Back in April I got a chance to visit Shanghai while working on the Irish Pavilion at Expo 2010. Where work was concerned is was one of the biggest audiovisual/interactive installations I’ve done. As for Expo – that’s an experience like no other.
The Expo is the third largest event a country can to host (after the Olympics and the FIFA World Cup). In recent times though, sucessive events have failed to ignite imaginations like the old World Fair – the forerunners of Expo.
Enter the might of China’s burgeoning economy and the determination of their government to put second city Shanghai on the global stage in the same way as the Olympics did Beijing in 2008. Shanghai has been transformed, not without controversy, and the 2010 event is on a scale unprecedented.
The Expo theme is “Better City, Better Living” and the Irish Pavilion audio visual content, designed and produced by Martello Media/Noho sought to deliver a wide array of images of Irish art, culture and landscapes – a taste of Irish living. More information on the beautifully designed building and the content within is available at <a href=”http://www.irelandexpo2010.com/”>www.irelandexpo2010.com</a>.
I worked on the installation of solid-state HD media players, synched video/lightshow hardware and software (LightFactory) and a touch-screen e-card system developed by Originate in Dublin. Pressure was high and the learning curve was steep but I think we pulled it off in the end.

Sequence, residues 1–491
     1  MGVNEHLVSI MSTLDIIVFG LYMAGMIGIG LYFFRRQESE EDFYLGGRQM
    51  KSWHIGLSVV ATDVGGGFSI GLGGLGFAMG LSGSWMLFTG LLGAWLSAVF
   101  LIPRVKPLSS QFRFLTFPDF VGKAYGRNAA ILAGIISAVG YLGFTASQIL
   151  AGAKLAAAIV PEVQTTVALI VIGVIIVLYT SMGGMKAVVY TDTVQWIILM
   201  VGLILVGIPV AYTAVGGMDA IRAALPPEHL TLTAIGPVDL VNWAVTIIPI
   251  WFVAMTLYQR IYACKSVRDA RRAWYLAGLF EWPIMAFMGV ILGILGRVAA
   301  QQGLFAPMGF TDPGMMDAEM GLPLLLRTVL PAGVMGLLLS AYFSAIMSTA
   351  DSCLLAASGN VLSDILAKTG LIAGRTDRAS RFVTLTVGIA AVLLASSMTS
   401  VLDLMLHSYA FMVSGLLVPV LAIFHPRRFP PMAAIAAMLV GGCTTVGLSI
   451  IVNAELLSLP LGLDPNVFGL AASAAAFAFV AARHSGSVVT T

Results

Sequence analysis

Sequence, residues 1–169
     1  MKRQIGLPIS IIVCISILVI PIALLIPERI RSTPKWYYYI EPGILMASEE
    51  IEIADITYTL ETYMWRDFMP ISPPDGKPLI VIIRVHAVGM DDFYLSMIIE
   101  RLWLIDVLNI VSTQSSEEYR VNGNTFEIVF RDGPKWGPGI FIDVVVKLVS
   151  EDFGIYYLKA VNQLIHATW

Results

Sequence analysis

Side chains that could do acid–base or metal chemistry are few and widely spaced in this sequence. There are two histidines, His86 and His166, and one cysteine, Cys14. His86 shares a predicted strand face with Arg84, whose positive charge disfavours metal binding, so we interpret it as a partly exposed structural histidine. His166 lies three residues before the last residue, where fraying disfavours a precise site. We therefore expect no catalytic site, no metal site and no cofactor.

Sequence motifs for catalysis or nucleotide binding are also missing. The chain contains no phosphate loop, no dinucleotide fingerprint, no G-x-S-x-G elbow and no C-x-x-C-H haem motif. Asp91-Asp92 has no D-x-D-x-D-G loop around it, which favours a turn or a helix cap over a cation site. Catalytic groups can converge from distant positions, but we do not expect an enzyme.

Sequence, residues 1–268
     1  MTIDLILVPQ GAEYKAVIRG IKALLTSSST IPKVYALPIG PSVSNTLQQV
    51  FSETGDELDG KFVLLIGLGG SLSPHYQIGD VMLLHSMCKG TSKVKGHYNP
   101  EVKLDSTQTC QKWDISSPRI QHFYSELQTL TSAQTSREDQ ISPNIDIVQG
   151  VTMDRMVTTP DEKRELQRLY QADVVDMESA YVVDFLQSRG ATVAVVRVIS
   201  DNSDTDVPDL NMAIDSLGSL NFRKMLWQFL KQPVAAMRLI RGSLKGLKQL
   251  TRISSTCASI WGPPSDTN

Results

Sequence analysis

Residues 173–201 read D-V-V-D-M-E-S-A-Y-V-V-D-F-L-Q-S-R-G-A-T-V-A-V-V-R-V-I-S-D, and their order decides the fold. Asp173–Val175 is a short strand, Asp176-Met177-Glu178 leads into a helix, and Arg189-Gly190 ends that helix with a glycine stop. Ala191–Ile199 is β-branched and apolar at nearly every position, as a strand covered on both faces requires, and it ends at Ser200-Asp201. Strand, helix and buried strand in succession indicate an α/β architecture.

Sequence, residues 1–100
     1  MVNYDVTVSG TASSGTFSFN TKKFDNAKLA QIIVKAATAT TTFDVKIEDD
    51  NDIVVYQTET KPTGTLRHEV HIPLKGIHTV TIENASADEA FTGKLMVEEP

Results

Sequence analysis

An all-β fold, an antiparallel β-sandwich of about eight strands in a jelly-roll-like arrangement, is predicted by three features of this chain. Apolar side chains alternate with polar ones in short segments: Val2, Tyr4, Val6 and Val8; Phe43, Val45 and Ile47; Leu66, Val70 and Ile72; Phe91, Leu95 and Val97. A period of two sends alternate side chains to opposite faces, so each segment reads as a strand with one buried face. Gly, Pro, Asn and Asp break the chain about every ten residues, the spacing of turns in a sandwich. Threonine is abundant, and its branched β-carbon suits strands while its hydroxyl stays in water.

Where Expo is concerned, it is an experience like no other, and a design/architecture/technology/innovation Eden where the struggle to get noticed in a show with hundreds of countries involved breeds exciting designs and inspiring content.
Unfortunately, workload and time constraints limited the number of pavilions I actually got to visit, but with each unique building it became more apparent that with a new build – the future is in designing not just the building, but the experience that visitors have of that building on a visit. This will apply to the office blocks and supermarkets of the future, and the ground is being broken at events like Expo.
Outstanding from an architectural point of view were Mexico, New Zealand, Ireland and Denmark, to name but a few. I particularly liked the Danish approach, “borrowing” the Little Mermaid from Copenhagen and laying on hundreds of bikes and a spectacular bike ramp.
China’s behemoth pavilion stood over the landscape of the Expo as towering inverted crimson pyramid – a constant reminder that this is a country no-one can ignore.
Interesting too was the use of hydrogen fuel cell transport throughout the site and a constant “sustainable living” propaganda from both the Expo organisers and the participating countries. Ironic that in the near distance, the towers of Shanghai were often hidden from view by smog.
Expo 2010 continues until September, so if you’re in that part of the world definitely check it out. It’s massive, so a 3-day pass would be a wise way to do things. It’ll be tiring too, but you can always drop in to The Porterhouse for a pint and a rest.